< Earlier Kibitzing · PAGE 2 OF 2 ·
|Apr-18-05|| ||Hoozits: To be honest, Rxg6 seemed like it must be the correct move (and it was indeed), but as for me, finding this particular follow-up as well as other possible continuations isn't that easy. |
|Apr-18-05|| ||Hoozits: By the way, are there any other fans of the Stonewall Attack out there? |
|Apr-18-05|| ||riqhi: ha! I know it's monday but it took me almost 5 minutes to get this one! Or it's too early in the morning and I'm not awake or it's a bit harder than normal ;-) |
|Apr-18-05|| ||Shokwave: Got this fast. First looked at saccing the queen on h7, saw that fizzled out, then looked at Rxg6 and saw that he couldn't play hxR...from there it was easy to see that all K moves lead to mate. Interesting that the first thing I looked at was throwing my queen on the fire, THEN I looked at saccing the rook instead lol! |
|Apr-18-05|| ||zb2cr: <RookFile: I think 18....c4 is a 'criminal' move. It's hard to imagine how much clearer it can be that
White is going to attack on the Kingside. ...>|
To be fair, <Rookfile>, the modern theories of keeping tension in the center and not extending Pawn chains too far were not, in 1893, as well known as they are today. I can think of any number of Queen's Pawn games from that era where Black relaxed the central tension for the sake of gaining space on the Queenside--and the Pawn-based attack never got there.
For one example, the well-known game
Pillsbury vs Tarrasch, 1895
|Apr-18-05|| ||YouRang: An easy one. Of course it's easier to find the solution in a 'white-to-move-and-win' puzzle than it is 'over-the-board'. |
|Apr-18-05|| ||zb2cr: More for <Rookfile>....|
And sometimes, extending that QUeenside Pawn chain worked, even against the master of the Queen's Gambit, Pillsbury.
See, for example, Pillsbury vs J C Halpern, 1894.
|Apr-18-05|| ||artemis: 18. ... c4 is an odd move here, but I think that I can see some definite advantages to the move that seem to have been overlooked here. <Rookfile> when I saw the move, I had similar reactions to yours, but there are some positive aspects of this move. It first and foremost entombs the bad bishop, taking advantage of white's c2-c3 pawn push and killing the bihsop. The bishop actually provided problems for white that were not quite deadly later on. In the endgame, it is very useful to have everysingle one of your pawns on the opposite color of your opponent's bishop, and thier pawns on the color of your bishop. In addition to that, Black wanted a knight on e4, and c5 would be the only remaining square that black could use to reach e4.|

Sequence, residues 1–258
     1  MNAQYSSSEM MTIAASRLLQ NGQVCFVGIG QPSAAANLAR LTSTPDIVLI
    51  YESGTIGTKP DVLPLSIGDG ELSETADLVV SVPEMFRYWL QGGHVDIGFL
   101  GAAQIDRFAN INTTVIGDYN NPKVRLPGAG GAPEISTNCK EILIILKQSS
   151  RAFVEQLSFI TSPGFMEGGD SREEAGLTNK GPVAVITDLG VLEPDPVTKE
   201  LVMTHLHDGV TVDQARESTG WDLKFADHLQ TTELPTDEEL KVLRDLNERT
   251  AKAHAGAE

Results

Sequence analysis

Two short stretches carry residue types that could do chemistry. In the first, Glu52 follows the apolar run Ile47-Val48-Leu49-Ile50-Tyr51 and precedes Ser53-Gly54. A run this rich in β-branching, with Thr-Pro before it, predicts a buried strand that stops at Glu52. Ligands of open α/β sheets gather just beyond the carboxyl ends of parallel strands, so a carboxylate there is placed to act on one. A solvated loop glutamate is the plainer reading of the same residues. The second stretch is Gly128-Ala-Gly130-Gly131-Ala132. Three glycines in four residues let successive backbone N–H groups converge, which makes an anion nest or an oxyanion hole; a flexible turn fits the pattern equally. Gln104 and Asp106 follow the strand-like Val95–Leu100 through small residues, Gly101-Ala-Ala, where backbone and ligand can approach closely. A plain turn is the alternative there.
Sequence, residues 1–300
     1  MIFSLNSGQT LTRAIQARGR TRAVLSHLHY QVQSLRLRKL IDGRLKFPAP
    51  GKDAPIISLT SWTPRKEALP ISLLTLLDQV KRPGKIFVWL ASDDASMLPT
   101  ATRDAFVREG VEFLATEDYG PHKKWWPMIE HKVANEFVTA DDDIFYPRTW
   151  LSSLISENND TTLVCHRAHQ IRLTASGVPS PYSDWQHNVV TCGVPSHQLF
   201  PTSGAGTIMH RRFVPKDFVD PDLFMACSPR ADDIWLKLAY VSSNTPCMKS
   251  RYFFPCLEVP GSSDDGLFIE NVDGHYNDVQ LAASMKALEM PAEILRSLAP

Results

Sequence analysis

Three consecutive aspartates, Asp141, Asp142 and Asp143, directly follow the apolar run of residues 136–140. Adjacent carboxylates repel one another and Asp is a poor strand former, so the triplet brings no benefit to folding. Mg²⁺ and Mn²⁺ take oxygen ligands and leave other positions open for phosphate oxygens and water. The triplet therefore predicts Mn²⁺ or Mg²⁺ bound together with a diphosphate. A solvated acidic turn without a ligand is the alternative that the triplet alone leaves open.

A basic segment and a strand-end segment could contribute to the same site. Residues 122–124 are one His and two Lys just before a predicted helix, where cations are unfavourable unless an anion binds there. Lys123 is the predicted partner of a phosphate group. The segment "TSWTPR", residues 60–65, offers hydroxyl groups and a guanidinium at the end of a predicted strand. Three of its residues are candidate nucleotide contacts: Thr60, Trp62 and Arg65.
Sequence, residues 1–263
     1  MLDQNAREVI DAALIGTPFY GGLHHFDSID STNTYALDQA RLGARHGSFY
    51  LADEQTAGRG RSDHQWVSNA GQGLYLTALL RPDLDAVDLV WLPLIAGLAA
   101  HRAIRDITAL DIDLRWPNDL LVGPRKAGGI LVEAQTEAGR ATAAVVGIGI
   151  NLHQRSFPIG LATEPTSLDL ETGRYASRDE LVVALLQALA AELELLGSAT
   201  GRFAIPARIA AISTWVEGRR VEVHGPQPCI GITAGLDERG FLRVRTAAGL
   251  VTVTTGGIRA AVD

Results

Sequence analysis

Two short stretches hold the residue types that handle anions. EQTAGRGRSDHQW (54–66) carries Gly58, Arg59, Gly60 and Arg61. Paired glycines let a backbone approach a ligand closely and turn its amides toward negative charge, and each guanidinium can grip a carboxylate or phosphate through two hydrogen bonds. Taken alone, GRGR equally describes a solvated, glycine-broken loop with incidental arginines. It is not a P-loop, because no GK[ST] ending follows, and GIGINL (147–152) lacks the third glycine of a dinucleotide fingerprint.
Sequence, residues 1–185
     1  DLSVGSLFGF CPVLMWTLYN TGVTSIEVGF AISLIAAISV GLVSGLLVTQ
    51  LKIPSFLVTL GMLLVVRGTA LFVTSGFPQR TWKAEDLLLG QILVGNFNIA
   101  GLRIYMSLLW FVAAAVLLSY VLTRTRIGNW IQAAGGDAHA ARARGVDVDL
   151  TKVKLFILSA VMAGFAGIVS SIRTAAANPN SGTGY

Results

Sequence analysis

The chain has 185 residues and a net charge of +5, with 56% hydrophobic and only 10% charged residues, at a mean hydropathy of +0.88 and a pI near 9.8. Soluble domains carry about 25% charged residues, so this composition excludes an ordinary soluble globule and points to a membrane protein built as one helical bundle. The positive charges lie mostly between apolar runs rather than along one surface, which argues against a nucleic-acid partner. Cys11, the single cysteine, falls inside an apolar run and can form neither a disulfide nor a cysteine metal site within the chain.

As for your plan, I like it better than Delmar's plan. but both are slow, and I think that white has a defenite advantage by move 18, although it is very difficult to be sure. The kingside play seems to be easier to manipulate, since the pawns are already prepared to advance.
|Apr-18-05|| ||JustAFish: Doesn't 37. Rh6 work as well? |
|Apr-18-05|| ||kevin86: Strange,after black's thirty-fifth move,there are:three sets of doubled pawns in a relatively closed game. No one is using the wide open d-file,but the attack comes through black's lace curtain king side.Two pawns are hopeless to hold back both white rooks and a queen. The attack will come quickly. |
|Apr-18-05|| ||RookFile: Well, the thing is.... black can
still play ....c4 later. But once
you're committed to it, and the knight hops in to d4.... I didn't
see Black getting as much counterplay as Tarrasch did in his game against Pillsbury.
|Apr-18-05|| ||Stonewaller2: <It's hard to imagine how much clearer it can be that White is going to attack on the Kingside.> That's the Stonewall Attack all over, folks. I close the center, put a ♘ on e5 and come after your ♔. Nothing subtle about it. It's swing for the walls chess. Be afraid. Be very afraid. ;) |
|Apr-18-05|| ||RookFile: The whole thing about the way
black approached counterplay in
this game was.... thinking about
it from white's point of view....
all black ended up with was every
piece off his moved far away from
his king, with some nebulous idea
of playing ... Rxa2. Big deal!
Meanwhile, white has a queen, 2 rooks,
a bishop, and a far advanced pawn